Monday, 8 November 2010

OFFICIAL: 5 Anglican bishops to join Ordinariate

As official as it's going to get, I think.

[...] Bishop Alan Hopes, Roman Catholic auxiliary bishop in the Westminster Diocese, said: "We welcome the decision of bishops Andrew Burnham, Keith Newton, John Broadhurst, Edwin Barnes and David Silk to enter into full communion with the Catholic Church through the ordinariate for England and Wales, which will be established under the provisions of the Apostolic Constitution Anglicanorum Coetibus.

"At our plenary meeting next week, the Catholic Bishops' Conference of England and Wales will be exploring the establishment of the ordinariate and the warm welcome we will be extending to those who seek to be part of it.

"Further information will be made known after the meeting." Read here

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  1. John,
    It should be remembered that once these men join Rome, they will not only cease t be bishops, they will cease to be ordained, period. Who will serve these people until any of the former Anglican clergy are ordained in the Roman Catholic Church? They may try to spin it that they are being re-ordained. But the Vatican will see them as laymen until they are ordained in the RC Church. How long will it take for those who meet the Vatican's requirements to be ordained as deacons, then how long until they are ordained as priests? This may take quite some time. In the meantime what do the former Anglicans do in terms of sacraments. Presumably RC clergy will look after them, but where will these spare clergy come from, how will they serve and what ritual will they use? Look at the cases of the two former TEC bishops who went to Rome in the last two or three years and were not ordained, although one of them may have been ordained as a deacon, they returned to TEC. These five soon-to-be former Anglican bishops will never become Roman bishops, unless they're widowers. They are presumably financially well-off enough to weather the storm, what provisions are there for the lower clergy to support themselves and their dependents, once the become Roman Catholic laymen? I won't be surprised if Rome drags their feet in doing anything with many of these guys. Rome is what Rome is and has been fairly honest about what they are willing to do, the question is, do some of these former Anglicans have unrealistic expectations?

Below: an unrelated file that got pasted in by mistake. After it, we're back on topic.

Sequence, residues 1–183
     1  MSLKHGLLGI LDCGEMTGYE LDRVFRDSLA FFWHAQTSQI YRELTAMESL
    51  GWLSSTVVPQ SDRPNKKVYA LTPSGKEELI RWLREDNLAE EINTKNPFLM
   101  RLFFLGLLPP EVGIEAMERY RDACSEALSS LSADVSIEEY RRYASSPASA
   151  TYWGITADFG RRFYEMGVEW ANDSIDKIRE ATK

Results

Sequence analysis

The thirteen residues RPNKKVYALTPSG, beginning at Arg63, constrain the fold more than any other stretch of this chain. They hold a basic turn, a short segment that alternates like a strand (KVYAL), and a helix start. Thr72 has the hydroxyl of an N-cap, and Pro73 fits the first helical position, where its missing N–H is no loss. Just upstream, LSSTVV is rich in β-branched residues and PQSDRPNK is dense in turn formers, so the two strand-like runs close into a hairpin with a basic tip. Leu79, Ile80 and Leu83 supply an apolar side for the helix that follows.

2. I think you should not guess but wait and see. You might be surprised at the speed of reception and ordination

  3. Are these bishops heartless? Or is it that they simply don't care about the pastoral issues they are creating?

    There are many lifelong members of the Roman Catholic Church who believe God has called them to be ordained. Unfortunately for them, they also believe God called them to be husbands and fathers.

    Who will be supporting these people, as they start to deal with their emotions?

    There are people within the Church of England who have been confirmed and ordained by the Bishops that are now moving to the Roman Catholic Church. As part of the move, I understand they will be required to acknowledge that their former ordination was meaningless.

    Who will be supporting these people, as they start to deal with their emotions?

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